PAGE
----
AMS speaks to Pamela Fletcher, VP of General Motors' global EV programmes, about the manufacturer’s bold electrification plans

General Motors' Pamela Fletcher stepped into the newly created role of Vice President – Global Electric Vehicle Programs in 2017

General Motors' Pamela Fletcher stepped into the newly created role of Vice President – Global Electric Vehicle Programs in 2017

GM is planning a new EV platform. Can such a platform be more flexible compared with a standard combustion-engine platform?What’s more important than flexibility is optimisation. When you try to convert an ICE-based vehicle platform into an EV, you run into issues that could only be avoided by having a dedicated platform. For example, you don’t have to accommodate a fuel tank for some versions of the platform and a battery for other versions, allowing mass and physical sizes of things to be as optimised and efficient as possible.

How does integrating the batteries into the architecture, as Mary Barra has said, cut costs?In a dedicated entry, the battery can become a structural element of the vehicle and duplicate structure can be avoided, saving mass and reducing the work the battery has to do as well as cost. This is just one example.

Can you help drive down the cost of lithium-ion batteries to achieve your goal of $100 per kWh, or is that purely down to the supplier?We have significant research underway on advanced battery design including cell chemistry, construction and manufacturing processes. We have been at this for many years. We have work going on internally through GM Research as well as in partnerships with suppliers, investments in start-ups and more. We’ve placed many bets.

Is the make of the battery something the buyer cares about or is it just a commodity?We have a long track record of manufacturing battery packs for most of our electrified vehicles and, as a result, we never look at battery cells or packs as commodities. Safety and quality are also paramount considerations when it comes to our products and products from any of our suppliers.

What single biggest change can you make to cut the cost of lithium-ion batteries to your goal of 100 per kWh?We’re going to work closely with our suppliers and our own engineering teams on achieving this goal. We will discuss specifics related to how we get there at a later date.

What percentage of EVs do you think will be owned, and how many will be operated as part of an autonomous fleet?Personal ownership is going to account for the vast majority of EVs, and for all vehicles, going-forward. The autonomous fleet will provide an additive customer base.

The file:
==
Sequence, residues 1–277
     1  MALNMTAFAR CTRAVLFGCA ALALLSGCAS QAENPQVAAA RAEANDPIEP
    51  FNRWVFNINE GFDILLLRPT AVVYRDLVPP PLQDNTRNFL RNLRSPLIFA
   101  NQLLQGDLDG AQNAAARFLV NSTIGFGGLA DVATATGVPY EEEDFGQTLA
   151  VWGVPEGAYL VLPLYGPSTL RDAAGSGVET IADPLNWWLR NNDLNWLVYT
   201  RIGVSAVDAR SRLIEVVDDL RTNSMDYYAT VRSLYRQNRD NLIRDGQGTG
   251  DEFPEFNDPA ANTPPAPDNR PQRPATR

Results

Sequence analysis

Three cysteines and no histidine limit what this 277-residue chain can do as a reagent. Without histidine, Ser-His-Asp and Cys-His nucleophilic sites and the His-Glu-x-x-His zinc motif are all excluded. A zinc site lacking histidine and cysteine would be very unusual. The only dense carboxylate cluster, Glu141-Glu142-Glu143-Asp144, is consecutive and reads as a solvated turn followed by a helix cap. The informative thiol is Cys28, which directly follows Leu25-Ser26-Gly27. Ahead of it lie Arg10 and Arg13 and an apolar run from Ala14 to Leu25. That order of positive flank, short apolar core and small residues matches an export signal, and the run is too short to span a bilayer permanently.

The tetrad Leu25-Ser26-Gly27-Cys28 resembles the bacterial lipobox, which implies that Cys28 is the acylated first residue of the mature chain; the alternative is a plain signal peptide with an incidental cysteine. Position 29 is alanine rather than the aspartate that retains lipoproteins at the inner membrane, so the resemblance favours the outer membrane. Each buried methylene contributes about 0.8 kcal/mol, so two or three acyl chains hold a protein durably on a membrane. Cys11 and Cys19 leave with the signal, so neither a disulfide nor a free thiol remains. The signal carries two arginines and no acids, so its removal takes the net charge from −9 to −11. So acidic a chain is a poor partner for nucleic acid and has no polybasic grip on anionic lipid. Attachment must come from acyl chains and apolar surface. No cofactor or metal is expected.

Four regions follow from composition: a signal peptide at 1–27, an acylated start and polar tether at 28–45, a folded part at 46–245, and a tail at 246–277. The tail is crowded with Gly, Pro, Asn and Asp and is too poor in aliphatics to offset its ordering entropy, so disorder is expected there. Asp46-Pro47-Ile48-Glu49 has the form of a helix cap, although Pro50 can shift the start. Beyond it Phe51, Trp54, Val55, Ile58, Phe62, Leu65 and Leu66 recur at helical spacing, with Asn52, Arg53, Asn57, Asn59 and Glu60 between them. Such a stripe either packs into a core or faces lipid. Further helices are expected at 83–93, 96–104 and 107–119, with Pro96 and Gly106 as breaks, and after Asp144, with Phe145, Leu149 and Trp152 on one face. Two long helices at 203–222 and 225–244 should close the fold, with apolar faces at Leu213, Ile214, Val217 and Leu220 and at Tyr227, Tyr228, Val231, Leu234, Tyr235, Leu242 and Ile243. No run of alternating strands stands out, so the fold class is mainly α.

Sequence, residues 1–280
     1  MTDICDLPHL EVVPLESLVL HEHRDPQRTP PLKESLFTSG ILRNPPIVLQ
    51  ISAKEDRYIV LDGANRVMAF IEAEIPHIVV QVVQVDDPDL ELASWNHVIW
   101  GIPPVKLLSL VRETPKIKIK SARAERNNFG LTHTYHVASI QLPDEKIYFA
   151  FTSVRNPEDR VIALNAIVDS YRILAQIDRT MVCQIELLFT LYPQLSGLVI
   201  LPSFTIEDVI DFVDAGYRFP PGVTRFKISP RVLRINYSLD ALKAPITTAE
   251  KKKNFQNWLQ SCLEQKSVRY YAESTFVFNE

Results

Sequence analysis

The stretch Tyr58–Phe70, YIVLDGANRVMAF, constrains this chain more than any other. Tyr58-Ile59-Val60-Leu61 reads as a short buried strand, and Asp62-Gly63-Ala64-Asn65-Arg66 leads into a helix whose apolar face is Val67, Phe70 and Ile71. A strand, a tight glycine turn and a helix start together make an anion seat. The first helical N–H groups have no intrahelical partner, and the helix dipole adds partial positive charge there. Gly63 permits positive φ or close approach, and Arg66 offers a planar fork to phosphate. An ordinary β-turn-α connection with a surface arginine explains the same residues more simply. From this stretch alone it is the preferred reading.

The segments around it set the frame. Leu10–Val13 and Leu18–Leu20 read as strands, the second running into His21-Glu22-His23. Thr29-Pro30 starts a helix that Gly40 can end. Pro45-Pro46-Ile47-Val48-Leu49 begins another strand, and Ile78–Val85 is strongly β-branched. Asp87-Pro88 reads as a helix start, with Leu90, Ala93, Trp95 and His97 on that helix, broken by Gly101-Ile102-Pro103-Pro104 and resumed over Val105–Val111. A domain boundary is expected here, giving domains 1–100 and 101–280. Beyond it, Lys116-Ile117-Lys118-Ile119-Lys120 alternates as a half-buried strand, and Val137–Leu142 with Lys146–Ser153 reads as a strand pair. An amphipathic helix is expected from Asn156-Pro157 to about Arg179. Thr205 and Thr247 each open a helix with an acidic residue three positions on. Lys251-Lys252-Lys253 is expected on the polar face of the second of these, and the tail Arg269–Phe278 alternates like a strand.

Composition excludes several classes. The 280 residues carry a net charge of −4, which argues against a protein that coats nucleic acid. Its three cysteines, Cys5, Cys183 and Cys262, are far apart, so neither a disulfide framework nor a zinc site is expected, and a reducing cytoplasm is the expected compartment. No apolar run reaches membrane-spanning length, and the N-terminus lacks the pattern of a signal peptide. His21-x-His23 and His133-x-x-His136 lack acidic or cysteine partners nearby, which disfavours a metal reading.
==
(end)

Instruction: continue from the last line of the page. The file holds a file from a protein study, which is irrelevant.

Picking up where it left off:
How vertically integrated does GM need to be in building the electric drivetrain? Also, where is the value and uniqueness for GM in terms of brand separation once EVs become more popular?We have always operated on a three-pronged strategy: build, buy and partner. What that means is, we will build parts ourselves where it helps to differentiate our vehicles and improve internal competencies, and will buy from the best suppliers in areas with specifics expertise or commodities. We will also partner with suppliers where it makes sense; our close integration with LG Electronics on the Bolt EV is a great example of that. We worked closely with LG Electronics to develop not just the battery cells, but also the electric drive motor and HVAC systems, which helped us to reduce our capital investment while still achieving quality targets.

EVs need to be lighter but lightweight materials and technologies can be expensive, pushing up the cost of the final car. Is there a solution?Our teams are working on material optimisation. Exactly which materials we decide upon and their specific use will be outlined when we get closer to launch. Some examples of lightweighting success from our current portfolio include the T1, which is the next-generation truck platform, and the Chevrolet Malibu.

What specific technical challenges are there in building EVs? Would you ideally want batteries built near to the car assembly or does it not matter?We have extensive experience in manufacturing EVs. We build the Chevrolet Volt at our Detroit-Hamtramck assembly plant and manufacture the Bolt EV at our Orion Township assembly plant in Michigan. We also build the Cadillac CT6 Plug-In and the Buick Velite 5 in China. We build batteries close to our Michigan assembly plants and we are on the cusp of commissioning our battery pack assemble plant in China. I think this shows that we have extensive experience in managing a complex global supply chain and we’ll continue to leverage this expertise in the future.

Topics